Hemingway don't do them, and buying them from Martin Model in the US results in some eye watering costs, mainly due to postage charges.

I've seen a build somewhere which fabricated some using cast pipe fittings, but I thought maybe finding a more local source of the castings might be an easier route....



Thread: Which *simple* mobile steam model?
17/06/2021 22:14:14

Thanks guys

Further feedback from the young man in question has aimed things firmly at the MyfordBoy traction engine - we don't want to have to make/find/lay track to run it, and the price of the casting set is sensible, so we're going that way.

Thanks for the feedback!


16/06/2021 17:59:28

Thanks guys

The MyfordBoy traction engine seems a very good possibility - I'll see what my son thinks - he's already just rejected the idea of a steam boat, even though I rather fancy one....!


16/06/2021 13:59:08

Hi all.

My son has expressed an interest in making a mobile (road, track, something...) steam model with me over the summer holidays.

I have a decently equipped workshop, but have always leant towards clocks and the tools required for them rather than anything model or steam related.

My question is - any tips and pointers towards a published design for a steam model that will:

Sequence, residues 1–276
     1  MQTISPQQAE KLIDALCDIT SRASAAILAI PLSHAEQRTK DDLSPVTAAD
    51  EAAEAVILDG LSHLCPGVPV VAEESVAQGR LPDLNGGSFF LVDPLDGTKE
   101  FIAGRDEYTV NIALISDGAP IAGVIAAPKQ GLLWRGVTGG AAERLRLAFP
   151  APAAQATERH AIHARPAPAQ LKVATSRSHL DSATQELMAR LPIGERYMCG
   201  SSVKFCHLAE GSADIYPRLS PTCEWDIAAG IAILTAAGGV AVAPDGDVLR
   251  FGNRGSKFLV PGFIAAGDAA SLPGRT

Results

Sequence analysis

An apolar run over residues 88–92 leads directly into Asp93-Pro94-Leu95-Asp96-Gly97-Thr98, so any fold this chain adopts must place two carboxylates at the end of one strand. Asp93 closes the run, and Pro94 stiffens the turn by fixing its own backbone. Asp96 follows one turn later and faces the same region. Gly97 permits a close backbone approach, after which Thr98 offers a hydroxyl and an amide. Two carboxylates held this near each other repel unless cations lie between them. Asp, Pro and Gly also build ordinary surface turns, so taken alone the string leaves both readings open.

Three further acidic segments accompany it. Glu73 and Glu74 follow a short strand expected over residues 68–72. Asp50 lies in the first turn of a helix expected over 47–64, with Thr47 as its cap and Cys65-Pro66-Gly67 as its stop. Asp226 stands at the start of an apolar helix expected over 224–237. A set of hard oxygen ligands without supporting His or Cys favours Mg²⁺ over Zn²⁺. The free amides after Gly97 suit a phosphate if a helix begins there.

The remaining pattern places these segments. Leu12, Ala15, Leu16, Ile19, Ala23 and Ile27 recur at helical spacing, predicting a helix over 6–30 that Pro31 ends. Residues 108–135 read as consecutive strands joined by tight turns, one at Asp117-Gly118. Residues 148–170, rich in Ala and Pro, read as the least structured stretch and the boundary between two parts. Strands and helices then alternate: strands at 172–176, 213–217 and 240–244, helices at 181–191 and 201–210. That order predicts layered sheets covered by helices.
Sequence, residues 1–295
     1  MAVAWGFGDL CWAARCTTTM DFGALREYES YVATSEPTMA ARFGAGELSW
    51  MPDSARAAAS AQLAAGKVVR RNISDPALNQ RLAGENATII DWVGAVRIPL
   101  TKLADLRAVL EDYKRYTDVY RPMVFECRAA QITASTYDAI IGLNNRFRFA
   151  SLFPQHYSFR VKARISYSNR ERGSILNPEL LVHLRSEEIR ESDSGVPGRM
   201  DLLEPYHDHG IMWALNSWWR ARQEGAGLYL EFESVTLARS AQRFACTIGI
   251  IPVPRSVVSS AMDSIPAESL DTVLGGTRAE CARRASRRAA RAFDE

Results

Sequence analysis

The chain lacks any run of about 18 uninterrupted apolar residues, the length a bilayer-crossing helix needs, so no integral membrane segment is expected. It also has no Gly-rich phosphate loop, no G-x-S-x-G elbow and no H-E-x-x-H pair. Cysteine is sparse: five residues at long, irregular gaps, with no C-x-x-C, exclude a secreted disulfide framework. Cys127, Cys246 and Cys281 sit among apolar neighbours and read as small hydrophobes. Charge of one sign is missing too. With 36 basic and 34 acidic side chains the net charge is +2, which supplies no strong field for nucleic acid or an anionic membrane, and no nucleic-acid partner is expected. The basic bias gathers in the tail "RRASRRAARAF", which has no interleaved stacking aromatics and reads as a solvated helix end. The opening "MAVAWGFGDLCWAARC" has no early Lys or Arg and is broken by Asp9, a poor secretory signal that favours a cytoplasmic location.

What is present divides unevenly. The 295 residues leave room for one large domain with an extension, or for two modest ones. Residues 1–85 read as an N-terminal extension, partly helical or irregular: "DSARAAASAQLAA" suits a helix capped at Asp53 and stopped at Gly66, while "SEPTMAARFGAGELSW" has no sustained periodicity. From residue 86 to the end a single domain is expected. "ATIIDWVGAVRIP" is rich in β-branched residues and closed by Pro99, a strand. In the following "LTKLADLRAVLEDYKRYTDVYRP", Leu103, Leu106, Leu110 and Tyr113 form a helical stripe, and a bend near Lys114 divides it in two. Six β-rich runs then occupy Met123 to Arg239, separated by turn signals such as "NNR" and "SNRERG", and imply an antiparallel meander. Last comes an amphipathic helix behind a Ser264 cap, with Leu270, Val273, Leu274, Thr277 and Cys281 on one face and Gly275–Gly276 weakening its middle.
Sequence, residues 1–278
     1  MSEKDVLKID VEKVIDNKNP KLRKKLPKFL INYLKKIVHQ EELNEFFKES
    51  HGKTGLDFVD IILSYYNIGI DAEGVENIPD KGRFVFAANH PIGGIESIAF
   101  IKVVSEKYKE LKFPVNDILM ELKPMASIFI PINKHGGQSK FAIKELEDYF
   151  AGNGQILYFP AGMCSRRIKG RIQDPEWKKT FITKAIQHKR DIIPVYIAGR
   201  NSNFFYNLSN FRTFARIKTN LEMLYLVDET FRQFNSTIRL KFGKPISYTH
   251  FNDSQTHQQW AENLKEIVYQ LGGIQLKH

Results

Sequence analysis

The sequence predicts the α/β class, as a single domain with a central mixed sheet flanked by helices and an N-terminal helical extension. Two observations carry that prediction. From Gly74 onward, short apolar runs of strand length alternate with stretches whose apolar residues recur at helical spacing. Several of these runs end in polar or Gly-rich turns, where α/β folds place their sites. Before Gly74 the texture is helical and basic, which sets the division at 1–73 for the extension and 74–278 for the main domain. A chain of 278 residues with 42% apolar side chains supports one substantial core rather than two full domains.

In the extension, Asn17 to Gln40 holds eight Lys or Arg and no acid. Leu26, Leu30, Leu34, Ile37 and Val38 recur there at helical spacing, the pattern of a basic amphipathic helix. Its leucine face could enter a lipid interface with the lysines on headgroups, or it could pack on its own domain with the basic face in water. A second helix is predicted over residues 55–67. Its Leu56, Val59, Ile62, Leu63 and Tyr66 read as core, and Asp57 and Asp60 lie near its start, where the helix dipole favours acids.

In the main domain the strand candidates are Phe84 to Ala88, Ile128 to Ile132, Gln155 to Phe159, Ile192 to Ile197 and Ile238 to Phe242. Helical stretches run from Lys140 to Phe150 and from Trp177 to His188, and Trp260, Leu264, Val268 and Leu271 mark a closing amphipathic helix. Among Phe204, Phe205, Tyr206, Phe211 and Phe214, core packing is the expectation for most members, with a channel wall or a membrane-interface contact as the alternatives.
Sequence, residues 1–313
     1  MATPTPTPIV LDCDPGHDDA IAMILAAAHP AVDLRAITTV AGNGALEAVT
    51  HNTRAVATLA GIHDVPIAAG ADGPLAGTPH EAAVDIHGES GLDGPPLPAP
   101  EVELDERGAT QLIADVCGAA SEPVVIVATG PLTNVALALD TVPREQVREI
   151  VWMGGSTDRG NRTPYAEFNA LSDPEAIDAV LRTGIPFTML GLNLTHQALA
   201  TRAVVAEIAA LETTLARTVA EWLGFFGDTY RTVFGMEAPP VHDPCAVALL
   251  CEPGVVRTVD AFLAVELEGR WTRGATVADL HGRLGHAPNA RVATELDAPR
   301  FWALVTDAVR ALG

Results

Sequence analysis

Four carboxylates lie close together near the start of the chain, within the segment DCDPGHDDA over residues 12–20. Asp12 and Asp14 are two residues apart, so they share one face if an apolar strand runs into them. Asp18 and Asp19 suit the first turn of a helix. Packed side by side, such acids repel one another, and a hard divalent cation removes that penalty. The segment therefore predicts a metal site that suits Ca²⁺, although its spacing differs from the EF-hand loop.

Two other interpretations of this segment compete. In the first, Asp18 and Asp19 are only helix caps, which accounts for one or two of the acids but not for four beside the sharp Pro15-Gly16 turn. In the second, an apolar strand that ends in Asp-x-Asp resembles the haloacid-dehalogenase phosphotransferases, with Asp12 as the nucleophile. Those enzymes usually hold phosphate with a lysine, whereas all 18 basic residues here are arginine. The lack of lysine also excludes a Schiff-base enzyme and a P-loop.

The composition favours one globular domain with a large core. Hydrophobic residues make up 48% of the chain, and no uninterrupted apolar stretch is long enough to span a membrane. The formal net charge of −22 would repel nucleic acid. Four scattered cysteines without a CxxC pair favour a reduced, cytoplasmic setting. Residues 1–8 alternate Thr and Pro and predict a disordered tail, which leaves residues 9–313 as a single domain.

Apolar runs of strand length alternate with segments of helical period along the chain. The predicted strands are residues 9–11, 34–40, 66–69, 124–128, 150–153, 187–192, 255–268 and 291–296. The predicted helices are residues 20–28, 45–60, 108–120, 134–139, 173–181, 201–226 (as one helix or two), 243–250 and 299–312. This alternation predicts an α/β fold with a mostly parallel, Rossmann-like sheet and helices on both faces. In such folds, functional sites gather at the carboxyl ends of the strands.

- move under its own power
- *might* take to having RC added for steering
- is preferably gas fired
- and most importantly, will be easy to complete over a relatively short number of weeks with me and an 11yo boy doing the work (him under close supervision, of course).

Faithful resemblance to a full scale steam machine is of no consequence whatsoever, simplicity is the name of the game.




Thread: 30 hour clock electric winder
09/06/2021 11:49:03


Yes, thanks for that - I've just opened my copy and saw that too - alterations required for my rope drive, but some good ideas!

Good name too


18/05/2021 22:15:01

Peter - thank you for the pictures - nice build!

Duncan - that's a possibility - I'm not exactly sure how everything is going to look just yet, and how I'll feel about routing the wires...

John - I understand your point - the task is to build a traditional clock (in most ways anyway...) - I want something up my sleeve in case the daily winding gets on my nerves, or I forget often enough for it to be a pain!